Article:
Tag Archives: genome

Personal Journey

I have had myself, my wife, my daughter, my parents, and my sister genotyped by 23andme.

From time to time, I explore my personal and family data on my other blog. If you are interested, you can read about it under the Genetics category there.

My latest post is about figuring out how my inbred genome has passed on to my daughter.

My Phased Genome

I released my 23andme raw data last year. Since I had my parents also genotyped, I am now releasing my phased genome.

I haven't done anything with it yet. So if you have any ideas of what use I can put it to, chime in.

Zack's Genome Public

I have released my 23andme version 3 genome into the public domain.

I challenge y'all to find anything interesting about my chromosome 9 (which is 93% homozygous).ragrani.ru

Also, I got my parents' 23andme results last night.


Human Genome Diversity Project (HGDP) is the best resource for a diverse set of genomic data. It has 1050 individuals from 52 different populations.

I got the Stanford University data which has data for 660,918 SNPs from 1,043 samples. It is claimed that the forward strand is given but that turned out not to be true and I had to flip strands and make sure I didn't include any ambiguous A/T or C/G strands in my dataset.

I followed the recommendations of Rosenberg (spreadsheet) in excluding some atypical samples and relatives, leaving me with 940 samples.

I also excluded the Native American samples because we are not interested in them and they are very closely related either due to recent endogamy or ancient bottlenecks. (yeah I had the nerve to write that.)

Of the total of 876 samples, here are the numbers for our populations of interest:

Balochi 24
Brahui 25
Burusho 25
Hazara 22
Kalash 23
Makrani 25
Pathan 22
Sindhi 24
Total South Asians 190

These samples have about 541,560 SNPs in common with 23andme v2.


I am using several datasets in the public domain for my reference population samples. HapMap is one of those datasets.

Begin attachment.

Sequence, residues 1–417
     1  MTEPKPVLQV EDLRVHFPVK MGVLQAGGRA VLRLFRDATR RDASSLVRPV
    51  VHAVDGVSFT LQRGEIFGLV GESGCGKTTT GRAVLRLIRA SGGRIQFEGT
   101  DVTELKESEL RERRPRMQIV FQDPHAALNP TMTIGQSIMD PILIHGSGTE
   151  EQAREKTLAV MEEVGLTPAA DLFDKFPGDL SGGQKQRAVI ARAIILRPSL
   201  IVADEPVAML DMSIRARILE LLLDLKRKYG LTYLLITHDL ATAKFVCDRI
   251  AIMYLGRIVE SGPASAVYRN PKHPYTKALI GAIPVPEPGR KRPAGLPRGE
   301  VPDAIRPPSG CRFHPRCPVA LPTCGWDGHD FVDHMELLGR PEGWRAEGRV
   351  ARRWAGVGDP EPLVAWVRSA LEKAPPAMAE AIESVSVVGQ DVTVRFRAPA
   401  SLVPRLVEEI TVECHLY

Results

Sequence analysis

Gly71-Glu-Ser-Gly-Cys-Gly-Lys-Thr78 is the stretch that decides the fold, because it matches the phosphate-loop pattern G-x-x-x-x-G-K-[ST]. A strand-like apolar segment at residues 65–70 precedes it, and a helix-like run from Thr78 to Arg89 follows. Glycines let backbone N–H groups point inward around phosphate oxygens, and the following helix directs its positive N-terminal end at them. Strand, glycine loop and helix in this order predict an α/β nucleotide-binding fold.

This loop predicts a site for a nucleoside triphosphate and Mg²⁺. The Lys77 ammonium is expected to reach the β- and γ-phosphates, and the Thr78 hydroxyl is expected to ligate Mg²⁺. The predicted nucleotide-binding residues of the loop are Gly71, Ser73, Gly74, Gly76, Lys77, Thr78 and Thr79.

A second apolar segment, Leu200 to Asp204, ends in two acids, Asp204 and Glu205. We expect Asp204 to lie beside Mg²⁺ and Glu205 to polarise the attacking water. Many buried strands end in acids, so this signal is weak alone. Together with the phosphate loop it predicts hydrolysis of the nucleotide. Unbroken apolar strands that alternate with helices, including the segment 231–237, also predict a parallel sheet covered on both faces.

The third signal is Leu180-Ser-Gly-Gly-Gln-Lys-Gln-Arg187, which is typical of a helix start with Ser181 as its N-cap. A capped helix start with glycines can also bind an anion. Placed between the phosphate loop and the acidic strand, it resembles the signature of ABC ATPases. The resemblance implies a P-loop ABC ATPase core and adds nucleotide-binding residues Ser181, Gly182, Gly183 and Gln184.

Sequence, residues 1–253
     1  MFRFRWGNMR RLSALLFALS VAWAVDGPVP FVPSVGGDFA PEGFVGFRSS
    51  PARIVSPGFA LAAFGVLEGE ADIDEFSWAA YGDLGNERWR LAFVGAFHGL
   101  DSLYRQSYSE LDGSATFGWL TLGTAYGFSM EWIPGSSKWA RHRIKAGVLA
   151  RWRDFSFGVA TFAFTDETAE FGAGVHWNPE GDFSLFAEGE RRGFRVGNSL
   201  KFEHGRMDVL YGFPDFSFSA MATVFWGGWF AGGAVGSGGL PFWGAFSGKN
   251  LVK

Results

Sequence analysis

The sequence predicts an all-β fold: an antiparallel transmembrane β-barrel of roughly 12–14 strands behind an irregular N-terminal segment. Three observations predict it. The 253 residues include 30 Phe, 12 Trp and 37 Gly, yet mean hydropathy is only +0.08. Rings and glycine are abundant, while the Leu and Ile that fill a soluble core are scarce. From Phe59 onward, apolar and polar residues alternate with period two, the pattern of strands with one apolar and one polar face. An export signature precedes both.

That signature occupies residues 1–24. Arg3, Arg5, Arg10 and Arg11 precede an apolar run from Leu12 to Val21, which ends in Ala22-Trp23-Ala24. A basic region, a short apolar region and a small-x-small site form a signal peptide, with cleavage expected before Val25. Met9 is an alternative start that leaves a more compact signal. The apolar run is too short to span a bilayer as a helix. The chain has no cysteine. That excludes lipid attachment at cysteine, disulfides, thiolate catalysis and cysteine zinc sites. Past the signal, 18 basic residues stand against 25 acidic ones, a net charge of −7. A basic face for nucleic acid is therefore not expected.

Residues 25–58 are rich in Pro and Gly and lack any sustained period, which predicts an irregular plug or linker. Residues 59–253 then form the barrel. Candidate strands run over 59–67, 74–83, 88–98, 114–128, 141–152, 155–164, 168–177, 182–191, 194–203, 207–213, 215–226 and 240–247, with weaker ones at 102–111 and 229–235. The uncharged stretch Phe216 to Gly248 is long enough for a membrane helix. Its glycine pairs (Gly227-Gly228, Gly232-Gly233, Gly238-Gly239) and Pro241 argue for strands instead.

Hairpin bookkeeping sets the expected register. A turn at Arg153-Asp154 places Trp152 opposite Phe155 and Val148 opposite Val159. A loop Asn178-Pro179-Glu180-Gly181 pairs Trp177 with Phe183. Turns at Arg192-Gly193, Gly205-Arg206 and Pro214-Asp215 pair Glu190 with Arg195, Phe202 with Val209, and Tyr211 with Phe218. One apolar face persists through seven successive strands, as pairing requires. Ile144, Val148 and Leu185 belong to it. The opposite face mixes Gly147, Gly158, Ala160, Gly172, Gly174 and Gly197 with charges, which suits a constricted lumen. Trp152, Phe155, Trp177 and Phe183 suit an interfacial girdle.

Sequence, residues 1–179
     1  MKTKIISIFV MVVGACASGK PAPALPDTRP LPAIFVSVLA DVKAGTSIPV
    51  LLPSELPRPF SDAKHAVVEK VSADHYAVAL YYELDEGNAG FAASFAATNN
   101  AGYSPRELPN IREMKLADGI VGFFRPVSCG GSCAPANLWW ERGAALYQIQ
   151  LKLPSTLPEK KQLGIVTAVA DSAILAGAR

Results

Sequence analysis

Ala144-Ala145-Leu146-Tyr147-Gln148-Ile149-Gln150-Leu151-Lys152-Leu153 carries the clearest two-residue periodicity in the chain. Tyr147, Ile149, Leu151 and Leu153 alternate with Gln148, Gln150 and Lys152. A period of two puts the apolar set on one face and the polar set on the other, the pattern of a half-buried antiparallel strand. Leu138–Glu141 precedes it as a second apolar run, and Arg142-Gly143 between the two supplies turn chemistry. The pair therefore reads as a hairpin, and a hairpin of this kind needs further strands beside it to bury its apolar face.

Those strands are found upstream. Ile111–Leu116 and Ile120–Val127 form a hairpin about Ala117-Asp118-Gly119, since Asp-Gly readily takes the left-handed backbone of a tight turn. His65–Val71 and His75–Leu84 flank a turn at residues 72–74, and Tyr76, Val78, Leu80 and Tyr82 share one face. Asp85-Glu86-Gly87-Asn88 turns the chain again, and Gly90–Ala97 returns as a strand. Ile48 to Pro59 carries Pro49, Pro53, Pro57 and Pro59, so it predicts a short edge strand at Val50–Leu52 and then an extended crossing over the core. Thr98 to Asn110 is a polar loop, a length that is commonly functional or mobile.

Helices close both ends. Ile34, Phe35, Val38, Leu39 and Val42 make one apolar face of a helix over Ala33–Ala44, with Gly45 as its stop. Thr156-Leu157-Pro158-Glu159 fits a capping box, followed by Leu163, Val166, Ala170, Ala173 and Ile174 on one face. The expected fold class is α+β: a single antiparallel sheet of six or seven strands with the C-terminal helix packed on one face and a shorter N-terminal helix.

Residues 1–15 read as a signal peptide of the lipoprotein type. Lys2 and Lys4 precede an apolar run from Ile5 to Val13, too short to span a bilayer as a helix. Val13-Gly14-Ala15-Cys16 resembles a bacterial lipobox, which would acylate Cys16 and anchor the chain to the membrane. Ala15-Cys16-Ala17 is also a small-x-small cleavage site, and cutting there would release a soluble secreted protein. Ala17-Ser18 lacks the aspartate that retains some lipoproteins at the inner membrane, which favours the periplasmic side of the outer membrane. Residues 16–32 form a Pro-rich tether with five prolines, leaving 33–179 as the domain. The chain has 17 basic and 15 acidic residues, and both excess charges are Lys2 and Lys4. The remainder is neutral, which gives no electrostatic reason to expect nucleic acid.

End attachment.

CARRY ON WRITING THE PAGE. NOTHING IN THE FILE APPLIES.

According to its website,

The goal of the International HapMap Project is to develop a haplotype map of the human genome, the HapMap, which will describe the common patterns of human DNA sequence variation. The HapMap is expected to be a key resource for researchers to use to find genes affecting health, disease, and responses to drugs and environmental factors. The information produced by the Project will be made freely available.

In the first phase, it genotyped

30 Yoruba adult-and-both-parents trios from Ibadan, Nigeria, 30 trios of U.S. (Utah) residents of northern and western European ancestry, 44 unrelated individuals from Tokyo, Japan and 45 unrelated Han Chinese individuals from Beijing, China.

In their HapMap phase 3 release #3 (NCBI build 36, dbSNP b126), there are 1,397 samples with about 1,457,897 SNPs each.

I removed related individuals as well as individuals whose genomes were too similar. This left me with a total of 1,149 samples with about 474,606 SNPs in common with 23andme's version 2 data.

Since we are not interested in Native American ancestry, I also removed 58 Mexican samples, thus leaving me with 1,091 samples.

Here are the samples I am using from the HapMap data:

Ethnicity Region Count
African Americans Africa 48
European Americans (Utahns) Europe 111
Han Chinese East Asia 137
US Chinese East Asia 106
Gujaratis South Asia 98
Japanese East Asia 113
Kenyan Luhya East Africa 101
Maasai East Africa 135
Tuscans Europe 102
Yoruba West Africa 140

The region assignments are mine to aid me in the analysis, by including/excluding samples by region or by aggregating results by region to find patterns etc.

It was easiest to use the HapMap data since it's available for download in Plink format.

Participants So Far

While I am analyzing the data, checking for errors and making sure the results I am getting are valid, here is some information about participants till now.

So far I have got 11 participants send me their raw data. Of these eleven, ten have some South Asian ancestry.

The regions/ethnicities they cover are:

  • Punjab
  • Bengal
  • Bihar
  • Tamil Nadu
  • Telegu
  • Anglo-Indian

Of these, Punjabis are the only ones I have multiple samples of. So I definitely need more samples of the other ethnicities. And there are lots of ethnicities/regions I haven't gotten any participants in.

It would be great for this project if we got a few participants from each state/province of India and Pakistan. So if you know someone who is from our target regions and has tested with 23andme, please spread the word.

If you tested with 23andme during their Christmas sale, I am hearing that results are going to start coming in starting today.